Several peptides that were first identified on the basis of their antimicrobial or immunomodulatory properties have subsequently shown potential for development into agents for the treatment of patients with Type 2 diabetes. A strategy is presented for the isolation and characterization of such peptides in norepinephrine- stimulated skin secretions from a range of frog species. The methodology involves fractionation of the secretions by reversed-phase HPLC, identification of fractions containing components that stimulate the rate of release of insulin from BRIN-BD11 clonal β-cells without simultaneously stimulating the release of lactate dehydrogenase, identification of active peptides in the mass range 1–6 kDa by MALDI-TOF mass spectrometry, purification of the peptides to near homogeneity by further HPLC, and structural characterization by automated Edman degradation. The effect of synthetic replicates of the active peptides on glucose homeostasis in vivo may be evaluated in mice fed a high fat diet to produce obesity, glucose intolerance, and insulin resistance.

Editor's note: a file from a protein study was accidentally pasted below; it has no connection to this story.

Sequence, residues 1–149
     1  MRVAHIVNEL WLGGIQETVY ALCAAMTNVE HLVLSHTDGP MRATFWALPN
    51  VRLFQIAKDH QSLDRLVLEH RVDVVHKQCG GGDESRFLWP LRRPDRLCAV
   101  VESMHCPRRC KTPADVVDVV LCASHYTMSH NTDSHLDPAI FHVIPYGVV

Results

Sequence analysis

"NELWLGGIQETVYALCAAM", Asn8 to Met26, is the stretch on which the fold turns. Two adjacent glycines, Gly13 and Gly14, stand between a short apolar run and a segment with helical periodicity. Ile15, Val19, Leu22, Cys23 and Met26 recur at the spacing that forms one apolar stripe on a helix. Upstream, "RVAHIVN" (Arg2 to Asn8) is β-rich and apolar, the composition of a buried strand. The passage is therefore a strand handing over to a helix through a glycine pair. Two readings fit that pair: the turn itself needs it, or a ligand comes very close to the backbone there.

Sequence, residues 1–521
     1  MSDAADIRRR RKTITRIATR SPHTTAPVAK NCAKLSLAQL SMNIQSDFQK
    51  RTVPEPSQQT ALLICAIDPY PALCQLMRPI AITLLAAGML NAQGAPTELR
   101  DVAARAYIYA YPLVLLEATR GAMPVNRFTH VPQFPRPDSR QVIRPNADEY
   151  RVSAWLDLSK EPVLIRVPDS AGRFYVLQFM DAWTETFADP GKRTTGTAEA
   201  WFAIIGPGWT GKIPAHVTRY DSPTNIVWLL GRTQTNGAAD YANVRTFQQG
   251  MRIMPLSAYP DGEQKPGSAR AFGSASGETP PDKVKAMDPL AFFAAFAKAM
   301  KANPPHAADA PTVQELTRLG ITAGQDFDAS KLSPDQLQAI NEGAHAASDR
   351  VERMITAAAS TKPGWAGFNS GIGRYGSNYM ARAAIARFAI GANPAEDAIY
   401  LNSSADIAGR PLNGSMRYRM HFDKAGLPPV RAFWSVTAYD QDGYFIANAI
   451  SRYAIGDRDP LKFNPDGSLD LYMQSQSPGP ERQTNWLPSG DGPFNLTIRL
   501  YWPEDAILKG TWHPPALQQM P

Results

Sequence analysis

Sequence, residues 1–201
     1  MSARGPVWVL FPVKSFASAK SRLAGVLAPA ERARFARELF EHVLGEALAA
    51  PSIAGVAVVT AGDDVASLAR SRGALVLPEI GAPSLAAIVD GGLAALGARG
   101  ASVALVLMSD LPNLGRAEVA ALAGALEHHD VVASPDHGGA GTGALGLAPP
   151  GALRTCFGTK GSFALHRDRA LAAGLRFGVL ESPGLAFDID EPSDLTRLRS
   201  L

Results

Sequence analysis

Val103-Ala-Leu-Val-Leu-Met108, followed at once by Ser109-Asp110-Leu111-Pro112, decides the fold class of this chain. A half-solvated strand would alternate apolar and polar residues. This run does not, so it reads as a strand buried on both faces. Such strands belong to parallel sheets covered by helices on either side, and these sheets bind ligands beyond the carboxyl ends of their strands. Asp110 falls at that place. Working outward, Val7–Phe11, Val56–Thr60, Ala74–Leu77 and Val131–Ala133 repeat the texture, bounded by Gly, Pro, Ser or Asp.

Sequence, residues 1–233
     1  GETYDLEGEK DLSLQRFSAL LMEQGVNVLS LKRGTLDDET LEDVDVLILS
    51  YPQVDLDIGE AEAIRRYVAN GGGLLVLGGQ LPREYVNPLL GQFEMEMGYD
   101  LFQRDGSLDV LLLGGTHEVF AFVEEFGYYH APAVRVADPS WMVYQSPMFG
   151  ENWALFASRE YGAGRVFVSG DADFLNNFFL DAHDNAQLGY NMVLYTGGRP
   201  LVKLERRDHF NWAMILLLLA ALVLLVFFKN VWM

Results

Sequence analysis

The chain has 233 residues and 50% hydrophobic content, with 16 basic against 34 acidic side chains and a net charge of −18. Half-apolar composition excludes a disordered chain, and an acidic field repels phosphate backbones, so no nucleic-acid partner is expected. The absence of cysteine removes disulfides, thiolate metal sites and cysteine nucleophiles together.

|Journal||Methods in Molecular Biology|
|Early online date||24 Feb 2018|
|Publication status||Published online - 24 Feb 2018|
- Frog skin secretions
- Antidiabetic peptide
- BRIN-BD11 cells